In Ramirez v. Michael Cetta Inc. d/b/a Sparks Steak House LLC, 2020 WL 5819551 (SDNY Sept. 30, 2020), the court, inter alia, dismissed plaintiff’s sex/gender-based hostile work environment (sexual harassment) claims.
Plaintiff alleged, among other things, that the discriminatory conduct included “(1) her coworkers calling her a bitch on a single occasion; (2) her coworker calling her a slut once; (3) a coworker offering her better food to date his brother; (4) and the same coworker cursing at her during a facially gender-neutral dispute.” The court held that these allegations were insufficient as a matter of law to support her hostile work environment claim, since it was neither “severe” nor “pervasive.”
Turning to plaintiff’s additional allegations relating to Sparks’ locker room (which, according to the court, warranted further examination), the court explained:
Plaintiff asserts three possible bases upon which the locker arrangement could support a hostile work environment claim: (1) because Sparks did not have a separate “female locker room” until 2018, Plaintiff was forced to change in front of her male colleagues for several years; (2) Plaintiff was forced to view her male colleagues changing because, until 2018, there were not separate locker areas for men and women; and (3) Sparks treated its male employees more favorably by not providing Plaintiff with her own private space before 2018 and because the “female locker room” provided after 2018 was inferior to the accommodations provided to her male coworkers. See id. Of these, only the claims to have witnessed her male coworkers changing has any merit; because, however, the arrangement did not subject Plaintiff to an environment rife with discriminatory intimidation, ridicule, or insult, and because it was not motivated in any part by Plaintiff’s gender, Plaintiff’s locker-related allegations are also insufficient, even in conjunction with her assertions of one-off spats with coworkers, to support Plaintiff’s hostile work environment claims.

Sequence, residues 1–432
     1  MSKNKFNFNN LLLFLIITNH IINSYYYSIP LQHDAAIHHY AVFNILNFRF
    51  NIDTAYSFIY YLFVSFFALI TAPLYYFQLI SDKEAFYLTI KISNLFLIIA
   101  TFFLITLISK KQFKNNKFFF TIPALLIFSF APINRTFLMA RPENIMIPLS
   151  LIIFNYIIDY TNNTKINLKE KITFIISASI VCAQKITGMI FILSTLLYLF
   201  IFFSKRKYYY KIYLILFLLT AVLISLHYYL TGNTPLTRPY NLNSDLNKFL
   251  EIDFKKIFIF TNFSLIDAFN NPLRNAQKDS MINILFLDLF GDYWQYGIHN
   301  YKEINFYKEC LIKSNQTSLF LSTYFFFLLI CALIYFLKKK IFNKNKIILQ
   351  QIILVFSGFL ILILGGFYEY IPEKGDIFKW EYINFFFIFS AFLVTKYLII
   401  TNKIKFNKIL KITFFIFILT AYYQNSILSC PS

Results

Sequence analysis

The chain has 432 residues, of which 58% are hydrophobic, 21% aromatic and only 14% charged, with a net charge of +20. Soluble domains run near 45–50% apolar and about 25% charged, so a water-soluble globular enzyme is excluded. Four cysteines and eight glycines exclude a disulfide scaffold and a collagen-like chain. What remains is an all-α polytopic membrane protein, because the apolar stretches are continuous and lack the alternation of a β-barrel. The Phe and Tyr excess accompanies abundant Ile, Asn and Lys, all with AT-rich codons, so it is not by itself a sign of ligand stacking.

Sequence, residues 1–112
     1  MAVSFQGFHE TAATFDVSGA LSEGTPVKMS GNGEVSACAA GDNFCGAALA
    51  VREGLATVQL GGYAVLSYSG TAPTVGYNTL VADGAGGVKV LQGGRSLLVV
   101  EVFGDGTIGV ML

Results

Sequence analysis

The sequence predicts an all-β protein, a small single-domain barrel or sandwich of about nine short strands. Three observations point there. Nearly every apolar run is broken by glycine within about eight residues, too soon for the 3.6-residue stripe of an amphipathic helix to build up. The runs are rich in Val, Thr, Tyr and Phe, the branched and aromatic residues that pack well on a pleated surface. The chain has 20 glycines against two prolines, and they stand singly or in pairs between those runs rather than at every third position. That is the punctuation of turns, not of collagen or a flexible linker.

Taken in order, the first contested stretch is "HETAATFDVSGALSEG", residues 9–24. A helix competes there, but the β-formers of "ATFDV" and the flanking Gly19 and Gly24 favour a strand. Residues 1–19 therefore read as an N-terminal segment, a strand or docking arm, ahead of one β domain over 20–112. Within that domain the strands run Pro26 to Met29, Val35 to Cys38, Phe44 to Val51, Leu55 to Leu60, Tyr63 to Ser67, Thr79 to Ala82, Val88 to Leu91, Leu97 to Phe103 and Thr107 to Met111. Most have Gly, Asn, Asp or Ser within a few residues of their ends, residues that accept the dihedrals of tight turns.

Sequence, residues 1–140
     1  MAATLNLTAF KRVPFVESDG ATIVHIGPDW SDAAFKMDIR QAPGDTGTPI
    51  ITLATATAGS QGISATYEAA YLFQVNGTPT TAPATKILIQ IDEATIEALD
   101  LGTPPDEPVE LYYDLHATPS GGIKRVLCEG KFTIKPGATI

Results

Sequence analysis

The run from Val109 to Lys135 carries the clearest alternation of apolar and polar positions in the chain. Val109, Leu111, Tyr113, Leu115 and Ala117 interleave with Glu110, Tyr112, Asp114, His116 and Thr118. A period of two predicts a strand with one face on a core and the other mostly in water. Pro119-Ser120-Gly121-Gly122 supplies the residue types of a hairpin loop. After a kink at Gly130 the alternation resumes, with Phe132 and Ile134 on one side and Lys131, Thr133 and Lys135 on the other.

The court further highlighted the contradiction between plaintiff’s assertion that she was forced to change in the men’s locker room and in view of her male colleagues, with her testimony that she was always able to change in a private area away from her male colleagues.
Plaintiff also failed to demonstrate disparate treatment; defendants’ locker arrangement “was not targeted at members of either gender; it failed to distinguish between genders and assigned all employees to the same locker area.” The fact “[t]hat Plaintiff resorted to finding private spaces in which to change as a result of this arrangement is similarly insufficient to establish a hostile work environment,” held the court.